Front-page wisdom has it that Europe is not the place to be right now. Maybe you can pop in if you're looking for crepes and skiing, but the serious investor is better off piling money into a fireplace and just setting the whole thing ablaze -- at least you'll be warm. But some recent economic releases along with company-specific data are painting a different picture. In fact, for a few companies, Europe is the place to be. Here are three of my favorites.
The land of the huge steamer trunk
If old, stereotypical views of Europe have taught us anything, it's that everyone speaks with a British accent and travels on trains with suitcases big enough to stow bodies in. In reality, fewer people are taking trains. But bags are everywhere, and no one is getting in on the action like Michael Kors (NYSE:KORS). The luxury retailer has had luck all over the world recently, and Europe has been a standout.
In the company's updated second-quarter guidance, same-store sales in Europe outshone the rest of the world, rising 50% quarter-to-date. That's a combination of a few things. First of all, and most important, the Kors brand is gaining strength. As the company expands its store count and increases its partnerships, more Europeans are getting to know the brand. Last quarter, the company increased licensing revenue by 61%, ensuring that the Kors name gets spread beyond the company's stores.
On top of Kors' specific growth, the company is benefiting from an increase in overall European sales. While the continent rides the ebb and flow of bailouts, banking scandals, and civil unrest, consumers have been spending more than anyone expected. French retail sales increased in September, and even Spain fell slower than anticipated. That trend has helped companies like Kors and rival Coach (NYSE:TPR), stay afloat, and even surge a bit, this summer.
Another bag joke
I know that it's poor form to put all your eggs in one carry-on, especially since eggs count toward your liquid-gel limit, but I can't seem to get away from Coach. The company keeps hinting at strength, and even showing some of that strength from time to time. In its most recent earnings call, CEO Lew Frankfort talked about the company's plans in Europe. This included expanding locations, especially in chic-and-seen Paris, where Coach has partnered with Printemps, a high-end French department store chain.
Coach is still meandering along, which means that investors can still get in at a relatively cheap price. The company is trading at a forward P/E of 12, but has the potential to pick up steam over the next year. While the stock suffered this summer when management talked about 2013 as an investment year, I think the market overreacted to a sensible idea. While I'm not expecting a full-sized portmanteau of growth, there's no reason not to look closer at this solid grower and dividend payer.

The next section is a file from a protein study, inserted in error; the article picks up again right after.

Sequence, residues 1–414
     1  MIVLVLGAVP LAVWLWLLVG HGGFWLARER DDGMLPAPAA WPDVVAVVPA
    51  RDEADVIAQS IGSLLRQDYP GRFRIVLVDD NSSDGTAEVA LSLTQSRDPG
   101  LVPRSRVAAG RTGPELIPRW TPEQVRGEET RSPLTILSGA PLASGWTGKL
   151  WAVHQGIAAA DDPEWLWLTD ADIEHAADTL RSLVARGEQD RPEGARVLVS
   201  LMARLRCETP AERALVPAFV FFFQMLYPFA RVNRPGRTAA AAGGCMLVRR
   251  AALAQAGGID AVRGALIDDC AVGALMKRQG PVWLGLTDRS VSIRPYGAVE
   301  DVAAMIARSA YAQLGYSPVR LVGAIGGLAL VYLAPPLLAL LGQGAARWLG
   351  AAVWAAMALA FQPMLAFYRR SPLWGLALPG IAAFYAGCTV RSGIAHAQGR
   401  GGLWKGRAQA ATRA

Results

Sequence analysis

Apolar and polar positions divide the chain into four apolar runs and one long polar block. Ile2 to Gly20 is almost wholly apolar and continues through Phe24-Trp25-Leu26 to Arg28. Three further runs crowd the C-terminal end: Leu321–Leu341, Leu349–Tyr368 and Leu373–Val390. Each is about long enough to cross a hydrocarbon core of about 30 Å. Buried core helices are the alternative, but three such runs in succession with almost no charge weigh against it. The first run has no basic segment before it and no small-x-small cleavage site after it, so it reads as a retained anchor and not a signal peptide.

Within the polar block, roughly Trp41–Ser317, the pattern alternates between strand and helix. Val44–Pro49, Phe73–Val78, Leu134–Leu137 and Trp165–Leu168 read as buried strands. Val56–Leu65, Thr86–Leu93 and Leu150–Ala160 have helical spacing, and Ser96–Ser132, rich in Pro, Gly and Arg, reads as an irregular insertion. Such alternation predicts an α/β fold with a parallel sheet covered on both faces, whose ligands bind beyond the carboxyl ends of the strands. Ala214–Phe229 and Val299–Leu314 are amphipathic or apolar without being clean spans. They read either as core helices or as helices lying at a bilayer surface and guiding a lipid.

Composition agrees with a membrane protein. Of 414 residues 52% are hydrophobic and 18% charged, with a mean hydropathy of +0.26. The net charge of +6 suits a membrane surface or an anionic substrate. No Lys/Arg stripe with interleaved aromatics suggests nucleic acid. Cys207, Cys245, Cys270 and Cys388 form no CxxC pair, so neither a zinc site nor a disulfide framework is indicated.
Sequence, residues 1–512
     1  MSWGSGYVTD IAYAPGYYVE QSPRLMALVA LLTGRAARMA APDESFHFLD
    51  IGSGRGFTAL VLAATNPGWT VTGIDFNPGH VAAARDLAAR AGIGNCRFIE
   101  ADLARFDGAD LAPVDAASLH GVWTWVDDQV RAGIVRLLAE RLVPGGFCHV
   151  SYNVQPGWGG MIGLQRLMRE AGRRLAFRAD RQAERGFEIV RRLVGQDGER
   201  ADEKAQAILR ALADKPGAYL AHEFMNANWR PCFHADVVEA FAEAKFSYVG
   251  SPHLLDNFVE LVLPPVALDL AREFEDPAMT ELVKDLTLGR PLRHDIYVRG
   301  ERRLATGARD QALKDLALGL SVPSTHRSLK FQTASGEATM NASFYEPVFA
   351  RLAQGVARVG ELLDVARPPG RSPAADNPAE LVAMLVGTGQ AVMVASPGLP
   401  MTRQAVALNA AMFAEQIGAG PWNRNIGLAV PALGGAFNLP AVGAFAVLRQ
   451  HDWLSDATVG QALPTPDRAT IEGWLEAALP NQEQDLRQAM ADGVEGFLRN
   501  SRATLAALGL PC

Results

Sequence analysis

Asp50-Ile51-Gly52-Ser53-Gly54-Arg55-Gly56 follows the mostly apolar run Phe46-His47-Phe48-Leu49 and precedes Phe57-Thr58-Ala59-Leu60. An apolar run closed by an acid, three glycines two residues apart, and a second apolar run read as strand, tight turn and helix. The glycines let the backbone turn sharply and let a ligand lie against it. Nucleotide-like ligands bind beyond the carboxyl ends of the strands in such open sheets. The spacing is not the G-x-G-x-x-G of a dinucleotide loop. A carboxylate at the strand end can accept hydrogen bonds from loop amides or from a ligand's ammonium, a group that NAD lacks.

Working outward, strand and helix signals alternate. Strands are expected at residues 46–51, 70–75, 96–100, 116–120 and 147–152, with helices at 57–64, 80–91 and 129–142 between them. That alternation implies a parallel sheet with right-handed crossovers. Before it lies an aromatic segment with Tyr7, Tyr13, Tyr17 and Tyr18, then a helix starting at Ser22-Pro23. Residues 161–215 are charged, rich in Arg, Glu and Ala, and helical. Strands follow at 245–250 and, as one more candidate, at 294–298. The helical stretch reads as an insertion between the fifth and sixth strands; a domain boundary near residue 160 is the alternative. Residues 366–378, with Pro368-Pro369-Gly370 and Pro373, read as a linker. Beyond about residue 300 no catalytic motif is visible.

Froth on the stock, none on the drink
Did you know in French, latte means slow-growing-but-predictable stock? Some languages just have words for everything. The only word that Starbucks (NASDAQ:SBUX) has been concerned with recently has been growth. The company just dived headfirst into the single-brew machine market with its Verismo machine, which has been released in Europe as well as in the U.S.
Starbucks also had good things to say about the Continent in its last earnings call. CFO Troy Alstead called the signs of a European turnaround encouraging, and CEO Howard Schultz named the turnaround as a contributing factor to the company's EPS growth goal for 2013. That optimism could turn into celebration, if Starbucks has a strong Christmas of Verismo sales. In Europe, the leading home single-brew espresso brand is Nestle's (OTC: NSRGY) Nespresso, which controls 21% of the market.
But Starbucks is a strong brand in Europe, and Nespresso suffers from the same shortfall that Green Mountain Coffee Roasters currently has -- the brewers only make one kind of drink. Nespresso machines make espresso, while Green Mountain's only make brewed coffee. The new machines from Starbucks can brew both traditional coffee and espresso. It should be a fun fight to watch.
Fool contributor Andrew Marder does not own any of the stocks mentioned in this article. The Motley Fool owns shares of Starbucks and Coach. Motley Fool newsletter services have recommended buying shares of Starbucks and Coach. Motley Fool newsletter services have recommended writing covered calls on Starbucks. The Motley Fool has a disclosure policy. We Fools may not all hold the same opinions, but we all believe that considering a diverse range of insights makes us better investors. Try any of our Foolish newsletter services free for 30 days.